WIVB (Buffalo) Consumer Reporter Al Vaughters did a story on home improvement contractor who had previous problems not living up to promises he made to customers and now was being accused of scamming a customer out of $3,500.
It is the same type of story that Consumer Reporter's do all over the country. But, this one turned out a bit different.
After Vaughters interviewed the contractor, the guy asked him not to air the story and to give him two weeks to make good on his deals. Vaughters refused.
After the story ran, Vaughters received a call: The contractor had committed suicide.
“That was devastating news,” Vaughters explained softly, the pain in his voice and eyes apparent. “Because it was against everything I do these stories for. I do these stories to help people. I don't do the stories to hurt anybody.”
The victim's surviving family members have blamed the media for pushing the person into the suicide, which in turn leads to widespread media attention of the death. But mental health experts say the majority of suicides are not caused by a single incident, but rather as a result of a mental illness or a substance abuse problem.
For his part, Vaughters said he wouldn't do anything differently.
“I didn't know the guy was unstable,” said Vaughters. “I knew he had his issues. This has never happened to me before. And believe me, I've been in tougher situations with people who have done a lot worse and did not have that kind of outcome.”
Vaughters had done a story on the same man five years earlier for keeping the money for items he sold in an auction business in a case that eventually resulted in a five-year prison sentence. So he remembered the man's name when he received complaints from people claiming to be ripped off. He interviewed two customers who couldn't find the contractor after he stopped working on their projects.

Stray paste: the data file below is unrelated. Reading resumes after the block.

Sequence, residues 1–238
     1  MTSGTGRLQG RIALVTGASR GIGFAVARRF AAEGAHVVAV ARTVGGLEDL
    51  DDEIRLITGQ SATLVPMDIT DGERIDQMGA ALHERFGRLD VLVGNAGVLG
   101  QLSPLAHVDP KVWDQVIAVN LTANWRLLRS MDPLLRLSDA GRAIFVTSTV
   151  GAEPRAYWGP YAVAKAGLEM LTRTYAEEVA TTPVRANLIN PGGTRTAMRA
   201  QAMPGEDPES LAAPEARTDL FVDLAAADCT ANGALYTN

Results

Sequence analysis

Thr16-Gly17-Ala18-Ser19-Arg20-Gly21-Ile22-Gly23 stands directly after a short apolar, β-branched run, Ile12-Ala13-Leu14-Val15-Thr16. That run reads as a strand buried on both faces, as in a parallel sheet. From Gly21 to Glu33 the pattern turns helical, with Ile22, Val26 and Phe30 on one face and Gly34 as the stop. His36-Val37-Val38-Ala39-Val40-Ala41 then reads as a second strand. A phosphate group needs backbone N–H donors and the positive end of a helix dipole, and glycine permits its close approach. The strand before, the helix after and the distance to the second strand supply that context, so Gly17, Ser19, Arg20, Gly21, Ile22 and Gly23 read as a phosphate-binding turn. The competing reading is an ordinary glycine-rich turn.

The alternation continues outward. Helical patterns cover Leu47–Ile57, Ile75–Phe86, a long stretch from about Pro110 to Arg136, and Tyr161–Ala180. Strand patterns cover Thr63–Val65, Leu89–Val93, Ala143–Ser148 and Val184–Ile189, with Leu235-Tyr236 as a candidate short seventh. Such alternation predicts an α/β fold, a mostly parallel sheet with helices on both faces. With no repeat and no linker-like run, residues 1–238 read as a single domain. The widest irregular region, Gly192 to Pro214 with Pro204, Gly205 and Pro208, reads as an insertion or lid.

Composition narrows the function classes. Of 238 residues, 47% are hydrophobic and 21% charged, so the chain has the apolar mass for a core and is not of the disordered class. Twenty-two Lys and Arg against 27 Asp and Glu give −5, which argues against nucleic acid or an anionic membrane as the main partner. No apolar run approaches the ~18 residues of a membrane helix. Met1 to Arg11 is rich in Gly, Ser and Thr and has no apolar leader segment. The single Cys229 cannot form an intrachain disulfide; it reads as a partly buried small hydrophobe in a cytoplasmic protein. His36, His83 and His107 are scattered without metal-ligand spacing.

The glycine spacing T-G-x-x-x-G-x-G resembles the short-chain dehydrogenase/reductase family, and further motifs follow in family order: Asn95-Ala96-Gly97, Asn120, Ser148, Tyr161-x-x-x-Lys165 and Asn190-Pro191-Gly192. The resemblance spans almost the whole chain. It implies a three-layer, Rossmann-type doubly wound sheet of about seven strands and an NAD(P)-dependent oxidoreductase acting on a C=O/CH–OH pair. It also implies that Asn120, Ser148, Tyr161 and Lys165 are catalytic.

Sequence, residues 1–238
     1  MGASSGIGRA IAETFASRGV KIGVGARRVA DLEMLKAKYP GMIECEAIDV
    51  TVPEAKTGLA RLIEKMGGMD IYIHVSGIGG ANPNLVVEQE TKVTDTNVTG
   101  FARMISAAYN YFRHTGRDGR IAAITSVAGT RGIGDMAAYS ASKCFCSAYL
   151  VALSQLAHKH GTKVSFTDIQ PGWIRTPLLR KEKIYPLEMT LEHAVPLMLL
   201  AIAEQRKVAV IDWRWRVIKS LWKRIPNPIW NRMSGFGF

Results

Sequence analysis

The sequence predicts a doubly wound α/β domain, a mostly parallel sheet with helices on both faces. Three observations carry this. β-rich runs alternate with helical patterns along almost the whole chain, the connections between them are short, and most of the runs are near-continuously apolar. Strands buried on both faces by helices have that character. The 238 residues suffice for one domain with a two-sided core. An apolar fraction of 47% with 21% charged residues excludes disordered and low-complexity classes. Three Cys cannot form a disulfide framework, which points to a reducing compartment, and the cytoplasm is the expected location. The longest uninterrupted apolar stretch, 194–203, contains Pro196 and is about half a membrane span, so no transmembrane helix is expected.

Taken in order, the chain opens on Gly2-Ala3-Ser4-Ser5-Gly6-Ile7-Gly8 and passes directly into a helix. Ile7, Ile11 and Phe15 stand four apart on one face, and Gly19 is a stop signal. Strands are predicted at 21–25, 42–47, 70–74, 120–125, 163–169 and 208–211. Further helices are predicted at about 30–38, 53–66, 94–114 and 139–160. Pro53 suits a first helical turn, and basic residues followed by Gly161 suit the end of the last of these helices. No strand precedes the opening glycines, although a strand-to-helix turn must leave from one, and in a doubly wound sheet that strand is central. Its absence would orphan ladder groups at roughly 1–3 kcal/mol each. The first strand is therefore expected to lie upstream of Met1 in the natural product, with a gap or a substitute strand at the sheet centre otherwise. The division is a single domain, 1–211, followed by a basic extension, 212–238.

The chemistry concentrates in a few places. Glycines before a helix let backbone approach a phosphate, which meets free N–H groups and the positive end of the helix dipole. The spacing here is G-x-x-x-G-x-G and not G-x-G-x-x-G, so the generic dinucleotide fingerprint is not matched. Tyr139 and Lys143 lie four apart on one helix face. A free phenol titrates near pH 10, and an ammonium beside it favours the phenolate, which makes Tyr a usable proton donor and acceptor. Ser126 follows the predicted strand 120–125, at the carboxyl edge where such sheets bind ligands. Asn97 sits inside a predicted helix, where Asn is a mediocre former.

In the story that aired, the man said he would pay customers back in two weeks if the story didn't air. Vaughters wasn't buying it.
“It is going to be on the news,” Vaughters said. “Because what you have done to these folks is really unforgivable.”
Vaughters later learned the man killed himself after the interview, but before the story had aired. The night before the suicide was confirmed by police, Vaughters had trouble sleeping. He didn't tell his wife Michele – a former reporter and the mother of their two children – until the next day. By that time, some people claiming to be relatives of the man had contacted the station.
“We sat and talked for a very long time,” Vaughters said. “My wife has done her best to try to keep me from feeling guilty or responsible. When something like that happens, you feel some sense of responsibility.”
The man's family members believe Vaughters should feel responsible. They said he attacked and bullied the contractor into talking when he should have been able to see, as they had, that the man was troubled.
“There was a point he just should have been professional enough to turn around and walk away,” the man's brother said of Vaughters. “My brother was done. He had given up. I could tell in his voice he had enough. He was defeated.”
“A guy that I met, a human being – I don't know what else he has done for this world, for this earth – killed himself,” said Vaughters. “I am one of the last people on earth that he saw and talked to. So that's why I am not over it. I don't have a crystal ball, but this is going to be with me for a very long time.”
H/T Buffalo News